NYC health system launches social media campaign to promote reproductive health information with adolescents
July 18, 2016 — NYC Health & Hospitals on Monday launched a new outreach campaign to encourage people between the ages 12 to 21 to visit the public health system for confidential sexual and reproductive health care, the New York Times reports.
The public health system aims to connect with young people through the campaign by running promotional material on social media platforms, such as Facebook and Instagram.
The campaign shares various images, including emojis of eggplants and peaches, that include the caption: "Need to talk to someone about 'it'?" Information on how to access emergency contraception confidentially will be promoted via a monkey emoji with its hands over its mouth.
The social media posts lead users to NYC Health & Hospitals' new website, which provides directions to the 20 YouthHealth services centers in New York City. In addition, the website emphasizes that young people can obtain reproductive health care, such as treatment for sexually transmitted infections (STIs) and pregnancy testing, no matter their immigration status, ability to pay, sexual orientation or gender identity.
Richard Zapata, outreach and education manager for population health at NYC Health & Hospitals, said the campaign in part aims to boost the number of adolescents who seek care at the health system.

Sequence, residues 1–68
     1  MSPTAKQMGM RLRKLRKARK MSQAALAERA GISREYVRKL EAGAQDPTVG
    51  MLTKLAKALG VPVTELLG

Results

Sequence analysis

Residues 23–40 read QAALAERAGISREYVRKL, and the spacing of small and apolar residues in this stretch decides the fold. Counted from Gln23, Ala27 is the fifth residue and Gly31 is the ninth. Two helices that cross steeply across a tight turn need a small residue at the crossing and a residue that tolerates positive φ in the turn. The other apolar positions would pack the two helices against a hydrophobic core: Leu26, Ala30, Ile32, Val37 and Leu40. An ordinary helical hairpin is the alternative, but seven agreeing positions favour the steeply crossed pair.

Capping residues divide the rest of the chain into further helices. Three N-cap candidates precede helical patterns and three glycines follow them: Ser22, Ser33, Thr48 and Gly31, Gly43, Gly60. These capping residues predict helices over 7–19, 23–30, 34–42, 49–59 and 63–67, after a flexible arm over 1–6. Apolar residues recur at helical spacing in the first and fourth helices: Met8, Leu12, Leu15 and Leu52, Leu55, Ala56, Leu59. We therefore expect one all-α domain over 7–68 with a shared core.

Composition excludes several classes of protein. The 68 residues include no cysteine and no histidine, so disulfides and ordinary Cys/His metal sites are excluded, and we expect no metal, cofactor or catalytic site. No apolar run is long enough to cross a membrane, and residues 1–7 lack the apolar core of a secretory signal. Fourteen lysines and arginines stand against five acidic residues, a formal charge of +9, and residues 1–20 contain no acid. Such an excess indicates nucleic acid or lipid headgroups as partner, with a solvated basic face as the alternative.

According to a Health & Hospitals release, the health system in 2015 provided care for about 152,000 teenage patients. Of those patients, Health & Hospitals provided STI testing for more than 38,000 teenagers, pregnancy tests for about 30,000 teenagers and birth services for about 2,400 teenagers.
Zapata noted that many teenagers in the area seem to be unaware that they can seek certain sexual and mental health care confidentially, and such care does not require parental notification. Further, according to Zapata, focus groups found that many teenagers do not talk with their parents about sex.
"It's hard to talk to someone about pregnancy testing," Zapata said, adding, "Those conversations aren't really happening that much at home."
Separately, Warren Seigel, chair of the department of pediatrics and director of adolescent medicine at Coney Island Hospital, pointed to the diverse backgrounds of many of his patients, noting, "Because of their parents' religious and cultural background, teenagers are not encouraged at home to talk about their sexual health."
Seigel said that with the outreach campaign, "We're taking away all of the excuses for adolescents not to enroll in health care."
However, Elizabeth Schroeder -- a sexuality educator, trainer and consultant -- raised concerns that the social media messages might be unclear to young people who do not speak English as their first language. "The question is whether these are the images that will get the most attention," she said. Referring to an emoji image in the campaign, she added, "I wonder whether younger people even get the language of the birds and the bees."
Nonetheless, Zapata said teenagers in focus groups said the images were relatable. In his words, the focus group made clear to Zapata that "[t]his is the way we're talking" (Schmidt, New York Times, 7/17).